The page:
Exxon Mobil’s renewable energy moonshots

[Global] Back in June, the oil and gas major Exxon Mobil (XOM) announced that its joint venture with Synthetic Genomics had yielded a major breakthrough on the production of usable lipids from microalgae. As I explained in an article published at the time, this overcoming of the seemingly insurmountable “lipid trigger” was necessary for the commercialization of algae-derived fuels and chemicals.

Also during the summer, Exxon Mobil’s competitor Royal Dutch Shell (RDS.A) (RDS.B) announced that it had embarked on a number of clean energy investments expected to eventually total $1 billion annually. At the time, I described this as evidence that the company was planning for a “different energy reality.” Now, according to an article by Bloomberg, Exxon Mobil is also charting a similar course into the clean energy sector. This development has a number of important implications for both the company’s long-term trajectory and the broader energy industry.

The Bloomberg article states that Exxon Mobil is pursuing research into as many as 10 different “key areas”, of which last summer’s microalgae breakthrough represents only one. More details have been released regarding the latter too, however, such as the fact that the company is investigating the use of “ponds or oceans” for algae production.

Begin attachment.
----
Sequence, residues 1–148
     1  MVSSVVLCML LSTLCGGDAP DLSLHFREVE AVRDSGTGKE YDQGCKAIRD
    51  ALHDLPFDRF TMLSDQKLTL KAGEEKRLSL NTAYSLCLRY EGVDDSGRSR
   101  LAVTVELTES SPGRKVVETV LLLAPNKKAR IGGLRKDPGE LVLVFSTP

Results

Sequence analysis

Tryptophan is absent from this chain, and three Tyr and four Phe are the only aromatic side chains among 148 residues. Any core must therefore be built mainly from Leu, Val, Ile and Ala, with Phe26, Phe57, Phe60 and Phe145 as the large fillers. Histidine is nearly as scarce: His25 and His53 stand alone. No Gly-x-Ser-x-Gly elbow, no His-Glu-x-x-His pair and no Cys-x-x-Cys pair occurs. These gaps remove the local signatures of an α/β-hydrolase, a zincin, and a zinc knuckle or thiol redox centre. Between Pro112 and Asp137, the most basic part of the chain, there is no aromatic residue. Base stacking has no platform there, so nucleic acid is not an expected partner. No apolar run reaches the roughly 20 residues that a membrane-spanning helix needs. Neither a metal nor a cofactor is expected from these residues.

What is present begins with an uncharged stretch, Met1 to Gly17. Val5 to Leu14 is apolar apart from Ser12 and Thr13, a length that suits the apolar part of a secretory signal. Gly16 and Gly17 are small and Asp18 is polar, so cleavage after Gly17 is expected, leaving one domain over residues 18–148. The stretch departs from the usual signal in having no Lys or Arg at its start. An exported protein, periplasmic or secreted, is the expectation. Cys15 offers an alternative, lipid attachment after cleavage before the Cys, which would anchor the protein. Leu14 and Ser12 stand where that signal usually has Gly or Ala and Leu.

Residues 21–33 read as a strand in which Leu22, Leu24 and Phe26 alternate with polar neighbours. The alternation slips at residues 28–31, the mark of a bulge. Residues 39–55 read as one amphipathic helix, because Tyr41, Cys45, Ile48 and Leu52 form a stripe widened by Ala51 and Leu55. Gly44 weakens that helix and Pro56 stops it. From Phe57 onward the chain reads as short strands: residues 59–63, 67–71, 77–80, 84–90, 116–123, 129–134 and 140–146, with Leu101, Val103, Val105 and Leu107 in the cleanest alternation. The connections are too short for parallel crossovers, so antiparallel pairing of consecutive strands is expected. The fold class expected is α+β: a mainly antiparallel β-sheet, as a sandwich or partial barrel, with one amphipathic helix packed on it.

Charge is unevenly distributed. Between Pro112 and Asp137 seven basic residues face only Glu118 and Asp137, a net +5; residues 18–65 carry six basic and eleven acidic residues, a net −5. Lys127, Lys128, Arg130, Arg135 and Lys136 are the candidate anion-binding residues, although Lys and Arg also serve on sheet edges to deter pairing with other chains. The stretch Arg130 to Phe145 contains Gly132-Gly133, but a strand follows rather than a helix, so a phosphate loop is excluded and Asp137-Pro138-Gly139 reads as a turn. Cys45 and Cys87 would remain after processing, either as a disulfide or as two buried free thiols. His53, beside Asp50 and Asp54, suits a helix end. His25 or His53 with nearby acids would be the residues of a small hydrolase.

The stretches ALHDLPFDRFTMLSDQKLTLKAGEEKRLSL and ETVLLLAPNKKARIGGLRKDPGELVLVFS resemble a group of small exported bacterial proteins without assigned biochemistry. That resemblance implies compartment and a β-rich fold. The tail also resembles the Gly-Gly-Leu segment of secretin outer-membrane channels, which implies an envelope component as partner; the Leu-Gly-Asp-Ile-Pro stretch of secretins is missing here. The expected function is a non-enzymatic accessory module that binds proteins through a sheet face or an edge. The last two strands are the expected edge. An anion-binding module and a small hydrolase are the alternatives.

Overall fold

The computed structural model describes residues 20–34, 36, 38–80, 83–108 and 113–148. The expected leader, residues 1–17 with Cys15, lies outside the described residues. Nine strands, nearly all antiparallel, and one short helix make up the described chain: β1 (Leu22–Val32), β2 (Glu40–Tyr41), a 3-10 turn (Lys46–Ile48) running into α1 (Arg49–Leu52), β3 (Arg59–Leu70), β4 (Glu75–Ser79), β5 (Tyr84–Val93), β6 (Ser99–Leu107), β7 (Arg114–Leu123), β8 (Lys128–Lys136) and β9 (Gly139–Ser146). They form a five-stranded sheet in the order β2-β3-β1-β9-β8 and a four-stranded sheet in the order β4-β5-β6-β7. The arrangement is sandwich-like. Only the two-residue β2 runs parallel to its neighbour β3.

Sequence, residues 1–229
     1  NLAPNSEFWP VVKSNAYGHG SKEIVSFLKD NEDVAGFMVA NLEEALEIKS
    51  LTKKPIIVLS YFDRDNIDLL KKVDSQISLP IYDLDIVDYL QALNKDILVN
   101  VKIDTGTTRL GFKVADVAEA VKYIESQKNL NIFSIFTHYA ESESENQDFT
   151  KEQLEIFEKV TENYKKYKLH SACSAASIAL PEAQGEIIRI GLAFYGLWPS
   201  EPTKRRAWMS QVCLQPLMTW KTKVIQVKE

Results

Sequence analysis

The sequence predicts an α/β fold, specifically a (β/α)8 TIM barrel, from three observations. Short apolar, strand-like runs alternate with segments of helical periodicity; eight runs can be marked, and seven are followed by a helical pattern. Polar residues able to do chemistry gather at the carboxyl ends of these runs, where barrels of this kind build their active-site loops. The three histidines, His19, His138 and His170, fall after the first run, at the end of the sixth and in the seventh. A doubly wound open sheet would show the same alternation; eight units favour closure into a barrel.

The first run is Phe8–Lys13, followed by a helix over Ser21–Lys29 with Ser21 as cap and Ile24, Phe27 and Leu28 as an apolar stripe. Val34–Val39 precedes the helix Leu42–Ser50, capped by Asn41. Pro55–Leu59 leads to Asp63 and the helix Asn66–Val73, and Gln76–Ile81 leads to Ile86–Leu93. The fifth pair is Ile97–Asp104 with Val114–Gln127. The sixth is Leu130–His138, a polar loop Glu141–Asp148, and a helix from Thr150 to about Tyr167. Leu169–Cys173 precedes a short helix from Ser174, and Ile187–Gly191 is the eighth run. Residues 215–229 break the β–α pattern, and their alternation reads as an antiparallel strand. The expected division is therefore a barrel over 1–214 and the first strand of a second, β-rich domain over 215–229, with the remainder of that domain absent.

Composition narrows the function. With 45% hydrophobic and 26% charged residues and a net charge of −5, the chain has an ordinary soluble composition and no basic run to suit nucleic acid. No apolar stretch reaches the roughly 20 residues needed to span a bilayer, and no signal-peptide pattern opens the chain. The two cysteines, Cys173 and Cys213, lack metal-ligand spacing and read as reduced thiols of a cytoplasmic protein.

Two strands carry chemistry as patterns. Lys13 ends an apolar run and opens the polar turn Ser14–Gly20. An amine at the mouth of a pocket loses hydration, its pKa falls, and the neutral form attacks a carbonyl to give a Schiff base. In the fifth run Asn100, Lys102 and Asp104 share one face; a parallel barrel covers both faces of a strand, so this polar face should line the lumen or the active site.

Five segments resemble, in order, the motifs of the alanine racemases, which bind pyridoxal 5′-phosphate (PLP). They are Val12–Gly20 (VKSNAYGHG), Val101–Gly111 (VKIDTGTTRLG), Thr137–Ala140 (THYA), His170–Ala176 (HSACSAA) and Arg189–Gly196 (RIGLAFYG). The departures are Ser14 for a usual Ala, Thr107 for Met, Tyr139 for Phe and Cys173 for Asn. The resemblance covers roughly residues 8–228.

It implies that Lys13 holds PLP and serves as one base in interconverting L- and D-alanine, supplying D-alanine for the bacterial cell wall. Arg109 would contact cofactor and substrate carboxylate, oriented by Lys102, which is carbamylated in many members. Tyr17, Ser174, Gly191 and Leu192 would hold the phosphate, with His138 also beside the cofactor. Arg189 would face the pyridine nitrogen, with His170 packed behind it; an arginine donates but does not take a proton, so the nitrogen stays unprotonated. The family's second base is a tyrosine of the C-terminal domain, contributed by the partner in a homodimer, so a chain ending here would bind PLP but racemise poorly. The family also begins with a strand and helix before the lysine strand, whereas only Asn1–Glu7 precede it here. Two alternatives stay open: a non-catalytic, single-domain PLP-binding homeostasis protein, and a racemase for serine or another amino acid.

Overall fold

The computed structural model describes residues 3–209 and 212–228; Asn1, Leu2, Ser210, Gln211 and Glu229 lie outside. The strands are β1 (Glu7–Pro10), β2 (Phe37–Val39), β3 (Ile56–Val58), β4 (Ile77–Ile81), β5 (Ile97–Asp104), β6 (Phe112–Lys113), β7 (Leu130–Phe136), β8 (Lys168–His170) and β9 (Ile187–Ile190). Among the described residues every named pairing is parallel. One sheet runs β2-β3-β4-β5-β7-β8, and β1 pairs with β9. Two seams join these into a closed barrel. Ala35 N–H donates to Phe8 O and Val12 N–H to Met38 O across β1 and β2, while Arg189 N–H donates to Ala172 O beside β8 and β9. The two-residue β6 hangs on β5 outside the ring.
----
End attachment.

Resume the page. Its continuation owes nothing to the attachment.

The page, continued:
Much of the practical research into microalgae production by companies such as TerraVia (OTCPK:TVIAQ), formerly Solazyme, has focused on the use of “bioreactors” that grow the biomass vertically rather than horizontally. This potentially allows for greater yields but at a much higher capital cost. While horizontal growing systems date back to the U.S. Department of Energy’s Aquatic Species Program in the 1980s, Exxon Mobil would easily be the largest company to be commercializing them.


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